Categorized | Canadian Politics

Harper Government red tape reduction measures help small businesses seize the moment

Posted on 31 October 2013 by admin

The Honourable Kerry-Lynne D. Findlay

The Honourable Kerry-Lynne D. Findlay, P.C., Q.C., M.P., Minister of National Revenue, met with business community leaders at a roundtable event in Toronto to highlight many of the initiatives that the Canada Revenue Agency (CRA) has implemented as a result of its Red Tape Reduction Action Plan and consultations with small businesses.

“Our Government recognizes the vital role small businesses play in creating jobs and supporting the economy, especially during this week as this is Small Business Week,” said Minister Findlay. “Small businesses provided input with suggested improvements to our services and what they shared helped us as we implemented significant red-tape reduction measures. There are now fewer regulations and the cost of red tape has been reduced by nearly 20 million dollars annually.”

The CRA’s Red Tape Reduction Action Plan webpage, launched by Minister Findlay, lays out the 12 commitments that the CRA has made, based on the irritants businesses identified during the Red Tape Reduction Commission’s consultations in 2010, and further refined by the CRA’s own consultations in 2012.

“We have already made many improvements to services so that business owners can more easily meet their tax obligations, saving them time and money, and creating jobs in local communities,” said Minister Findlay. “As we continue to implement action plan commitments, and promote and support Canadian businesses large and small through the historic Canada-EU Trade Agreement, we want to make sure that small businesses are informed. Our government is listening and taking action, building on a tradition of service, integrity, and professionalism.”

Some highlights for 2013 are:

  • A new CRA Red Tape Reduction Action plan webpage that gives businesses up-to-date information on the CRA’s progress.
  • A new online mail service for Canadian small businesses. Businesses can now communicate with the CRA online which will help streamline their interactions with the CRA.
  • The My Business Account online enquiries service. Businesses or their representatives can ask the CRA tax-related questions about their accounts online and they will receive answers online and in writing.
  • A one-stop-shop webpage for business services. Businesses can now easily find information and service options relevant to their tax situation.
  • Agent ID for the CRA’s business enquiries telephone service. Now, when a business owner calls the CRA, the agent who answers provides an ID at the beginning of the call. The Agent ID number provides increased accountability for business calls to the CRA, ensures a consistent experience for callers, and makes it easier for business owners to give feedback on CRA services.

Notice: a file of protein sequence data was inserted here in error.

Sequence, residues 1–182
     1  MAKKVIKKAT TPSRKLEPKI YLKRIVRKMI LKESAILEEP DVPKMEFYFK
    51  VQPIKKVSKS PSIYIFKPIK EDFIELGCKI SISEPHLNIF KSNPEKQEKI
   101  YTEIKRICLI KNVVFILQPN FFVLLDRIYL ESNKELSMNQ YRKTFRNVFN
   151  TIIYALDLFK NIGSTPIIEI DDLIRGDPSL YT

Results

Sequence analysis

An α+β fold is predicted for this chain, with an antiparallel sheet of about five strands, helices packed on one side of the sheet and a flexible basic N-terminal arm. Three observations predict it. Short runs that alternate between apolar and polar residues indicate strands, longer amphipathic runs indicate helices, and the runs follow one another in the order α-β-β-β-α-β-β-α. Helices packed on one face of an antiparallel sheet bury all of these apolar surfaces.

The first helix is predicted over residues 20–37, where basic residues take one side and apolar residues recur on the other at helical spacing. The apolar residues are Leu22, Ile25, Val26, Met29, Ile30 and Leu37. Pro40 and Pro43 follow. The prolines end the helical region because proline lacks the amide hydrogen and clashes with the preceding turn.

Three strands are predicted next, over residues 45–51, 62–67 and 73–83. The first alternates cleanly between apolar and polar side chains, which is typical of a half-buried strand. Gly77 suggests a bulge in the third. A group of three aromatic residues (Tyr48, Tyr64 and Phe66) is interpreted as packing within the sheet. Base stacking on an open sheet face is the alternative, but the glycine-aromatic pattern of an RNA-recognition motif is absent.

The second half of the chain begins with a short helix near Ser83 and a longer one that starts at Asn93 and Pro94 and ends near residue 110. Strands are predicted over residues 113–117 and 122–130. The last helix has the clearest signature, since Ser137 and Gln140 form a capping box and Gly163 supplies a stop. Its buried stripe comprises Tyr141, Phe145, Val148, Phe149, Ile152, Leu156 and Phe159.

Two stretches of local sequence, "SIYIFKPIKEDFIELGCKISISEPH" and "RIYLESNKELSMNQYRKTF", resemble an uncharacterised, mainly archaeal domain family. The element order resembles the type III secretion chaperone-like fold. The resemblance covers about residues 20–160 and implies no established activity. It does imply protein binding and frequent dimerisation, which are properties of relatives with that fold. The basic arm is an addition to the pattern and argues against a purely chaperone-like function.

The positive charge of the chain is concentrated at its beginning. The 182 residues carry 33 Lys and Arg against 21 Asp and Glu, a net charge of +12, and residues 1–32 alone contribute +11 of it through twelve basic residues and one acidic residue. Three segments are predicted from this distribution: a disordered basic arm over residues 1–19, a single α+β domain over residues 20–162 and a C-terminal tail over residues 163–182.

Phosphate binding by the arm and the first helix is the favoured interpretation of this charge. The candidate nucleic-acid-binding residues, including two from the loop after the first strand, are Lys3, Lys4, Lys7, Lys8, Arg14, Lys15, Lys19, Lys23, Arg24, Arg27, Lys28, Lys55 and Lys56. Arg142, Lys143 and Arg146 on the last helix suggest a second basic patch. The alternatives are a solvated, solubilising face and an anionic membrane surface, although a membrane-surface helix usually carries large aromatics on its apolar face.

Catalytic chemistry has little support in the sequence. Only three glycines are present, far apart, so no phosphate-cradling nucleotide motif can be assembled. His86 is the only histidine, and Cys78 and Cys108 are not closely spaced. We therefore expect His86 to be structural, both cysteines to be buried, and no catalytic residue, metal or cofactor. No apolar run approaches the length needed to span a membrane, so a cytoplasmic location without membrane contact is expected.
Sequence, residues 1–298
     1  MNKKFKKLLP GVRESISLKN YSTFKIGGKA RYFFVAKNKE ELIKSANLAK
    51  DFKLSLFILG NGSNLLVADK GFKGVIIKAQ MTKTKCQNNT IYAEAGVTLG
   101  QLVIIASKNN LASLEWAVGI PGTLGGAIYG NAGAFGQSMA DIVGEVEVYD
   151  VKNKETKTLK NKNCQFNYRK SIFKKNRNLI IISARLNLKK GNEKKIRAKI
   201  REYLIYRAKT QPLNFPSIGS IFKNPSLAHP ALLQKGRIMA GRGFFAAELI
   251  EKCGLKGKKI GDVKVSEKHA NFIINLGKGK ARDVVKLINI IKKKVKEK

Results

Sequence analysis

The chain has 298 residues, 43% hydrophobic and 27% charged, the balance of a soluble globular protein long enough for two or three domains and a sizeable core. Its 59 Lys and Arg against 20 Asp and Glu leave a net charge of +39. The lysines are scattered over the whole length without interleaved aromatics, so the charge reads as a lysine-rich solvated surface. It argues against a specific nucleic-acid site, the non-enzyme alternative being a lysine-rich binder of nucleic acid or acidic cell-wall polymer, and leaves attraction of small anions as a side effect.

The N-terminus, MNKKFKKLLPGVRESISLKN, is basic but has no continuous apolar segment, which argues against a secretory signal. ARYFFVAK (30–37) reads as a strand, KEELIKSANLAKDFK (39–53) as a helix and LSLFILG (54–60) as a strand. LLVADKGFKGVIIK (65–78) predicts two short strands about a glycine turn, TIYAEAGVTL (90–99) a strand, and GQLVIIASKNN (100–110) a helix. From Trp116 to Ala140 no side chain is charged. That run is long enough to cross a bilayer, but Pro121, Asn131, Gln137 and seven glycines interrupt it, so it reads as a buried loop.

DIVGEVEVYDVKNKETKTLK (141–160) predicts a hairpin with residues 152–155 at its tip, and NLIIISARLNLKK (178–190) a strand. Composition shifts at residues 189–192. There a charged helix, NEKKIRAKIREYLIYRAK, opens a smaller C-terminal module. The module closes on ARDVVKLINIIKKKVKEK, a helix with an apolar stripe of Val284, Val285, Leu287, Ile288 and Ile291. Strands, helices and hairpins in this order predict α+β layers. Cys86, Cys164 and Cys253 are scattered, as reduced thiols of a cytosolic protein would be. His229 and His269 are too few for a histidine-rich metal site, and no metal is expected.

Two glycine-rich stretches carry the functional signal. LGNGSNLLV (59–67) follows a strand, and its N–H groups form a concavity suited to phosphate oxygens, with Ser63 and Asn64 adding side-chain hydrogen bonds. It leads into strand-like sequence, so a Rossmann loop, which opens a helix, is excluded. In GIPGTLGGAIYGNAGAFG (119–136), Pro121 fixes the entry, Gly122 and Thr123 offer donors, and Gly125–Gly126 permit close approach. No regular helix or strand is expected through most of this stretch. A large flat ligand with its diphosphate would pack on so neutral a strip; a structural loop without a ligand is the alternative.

The CRA will continue to consult every two years with small businesses and small business service providers in cities across the country.

For opportunities to participate in further consultations, please visit the CRA’s Red Tape Reduction webpage regularly, and stay connected by subscribing to our mailing lists and joining the conversation on Twitter. The CRA’s next consultation period will be in 2014.

Meanwhile, the Harper Government continues to help create jobs across all sectors of the economy, finalizing an agreement in principle between Canada and the European Union (EU) on a Comprehensive Economic and Trade Agreement, seizing an historic opportunity to gain preferential access to the largest market in the world—a market with over 500 million consumers and a Gross Domestic Product of $17 trillion.

Minister Findlay noted that the Canada-EU Trade Agreement will generate prosperity and growth for all Canadian businesses, including small and medium sized businesses, in every region of the country. It will help them to succeed abroad by making it easier and less costly for them to do business in the EU. The Canada-EU Trade Agreement will also help level the playing field in the EU, making Canadian small and medium-sized businesses more competitive, giving them a significant advantage over most third-party competitors.

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